If you are a regular reader here, you know that the big problem with so-called "green" or "renewable" energy sources -- we're talking wind and solar -- is that they don't work. Relying on energy sources that don't work is a big problem when you are trying to provide power for a big, sophisticated modern economy.
What does it mean that "they don't work"? It means first that you simply cannot run an electrical grid using just wind and solar energy sources, because they are incapable meeting the fundamental requirement of a grid, namely, matching production to user demand second by second. And "they don't work" also means that wind and solar are not helpful or even meaningful additions to existing electrical grids, because they require the availability of alternative energy sources -- backup generation or storage -- at all times and at huge duplicative cost. In short, they are useless. Oh, and they also threaten grid stability, particularly as you add more of them to a grid. So they are both useless and potentially destructive.
Unfortunately, basic engineering is not the strong suit of the religious environmental movement, nor of its acolytes in the media. And so, as atonement for our sins of having an industrial society, we must flagellate ourselves with more and more farms of wind turbines and solar panels. As these things come to cover the landscape, you can feel the excitement. Let's have a little roundup:
From Renewables Now, May 3: US utility and non-utility companies signed [a] record 3,500 MW of long-term power purchase agreements (PPAs) for wind power in the first quarter of 2018, shows a new report by the American Wind Energy Association (AWEA). The record-high quarterly volume, since AWEA started tracking such deals in 2013, was achieved due to the low cost of wind power, which has dropped by two-thirds since 2009, and stable energy prices. At present, wind is the most cost-effective source of new electricity in regions like the Great Plains and Texas, the trade association said.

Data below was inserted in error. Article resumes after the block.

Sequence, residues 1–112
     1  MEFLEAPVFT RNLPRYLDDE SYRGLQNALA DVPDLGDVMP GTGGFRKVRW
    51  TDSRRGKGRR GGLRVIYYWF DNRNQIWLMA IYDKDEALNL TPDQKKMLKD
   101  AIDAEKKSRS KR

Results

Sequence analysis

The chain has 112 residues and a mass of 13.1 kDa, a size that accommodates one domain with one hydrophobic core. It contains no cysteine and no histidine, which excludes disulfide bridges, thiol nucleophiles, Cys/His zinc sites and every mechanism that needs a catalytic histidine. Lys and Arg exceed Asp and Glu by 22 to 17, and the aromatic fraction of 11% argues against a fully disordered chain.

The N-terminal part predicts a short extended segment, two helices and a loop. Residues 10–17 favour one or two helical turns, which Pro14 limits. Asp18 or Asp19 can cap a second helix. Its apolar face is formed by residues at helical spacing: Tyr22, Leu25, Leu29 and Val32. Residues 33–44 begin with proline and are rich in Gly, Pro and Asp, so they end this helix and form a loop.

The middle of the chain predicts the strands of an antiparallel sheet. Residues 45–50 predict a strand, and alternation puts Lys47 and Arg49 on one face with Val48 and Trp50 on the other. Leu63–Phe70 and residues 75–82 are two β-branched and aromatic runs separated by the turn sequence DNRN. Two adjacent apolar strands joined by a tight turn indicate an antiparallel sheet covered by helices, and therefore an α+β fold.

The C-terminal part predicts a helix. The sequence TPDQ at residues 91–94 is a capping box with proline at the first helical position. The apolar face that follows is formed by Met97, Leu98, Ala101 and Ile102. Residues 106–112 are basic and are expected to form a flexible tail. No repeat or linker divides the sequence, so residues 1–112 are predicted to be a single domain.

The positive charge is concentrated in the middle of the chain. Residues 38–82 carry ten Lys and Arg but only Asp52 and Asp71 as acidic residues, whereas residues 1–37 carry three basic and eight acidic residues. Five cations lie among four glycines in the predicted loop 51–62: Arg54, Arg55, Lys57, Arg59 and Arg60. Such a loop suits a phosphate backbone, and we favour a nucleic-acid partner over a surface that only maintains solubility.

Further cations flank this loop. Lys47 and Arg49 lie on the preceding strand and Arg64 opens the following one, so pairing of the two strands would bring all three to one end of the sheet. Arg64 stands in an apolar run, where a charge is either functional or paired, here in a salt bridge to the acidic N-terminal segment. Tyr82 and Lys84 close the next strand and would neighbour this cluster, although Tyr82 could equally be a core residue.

And 2017 followed an equally strong 2016. From ThinkProgress, February 9, 2017: In [2016 in] the United States, wind power achieved its second strongest quarter ever, according to the American Wind Energy Association (AWEA), surpassing hydropower to become the largest source of renewable electricity capacity in the United States. Overall, wind capacity now ranks fourth in the United States, behind coal, natural gas, and nuclear. And in Europe? Wind also had a big year in Europe, with wind accounting for more than half of all new installed capacity for the first time ever. Renewable energy writ large accounted for nearly 90 percent of new power added in Europe last year, with 21.1 gigawatts of the total 24.5 new gigawatts installed coming from wind or solar, plus more controversial renewable technologies like biomass and hydropower.
And then there's India. From Clean Technica, April 17, 2018: Perhaps for the first time ever, [in 2017] India added more renewable renewable energy capacity in a calendar year than coal-based capacity. One of the fastest growing renewable energy markets achieved this feat last year. According to government data, India added 12.8 gigawatts of renewable energy capacity against just 4 gigawatts of net coal-based power capacity added in 2017. Renewable energy dominated the new capacity added in India with a massive share of 66%, up from 42% in 2016.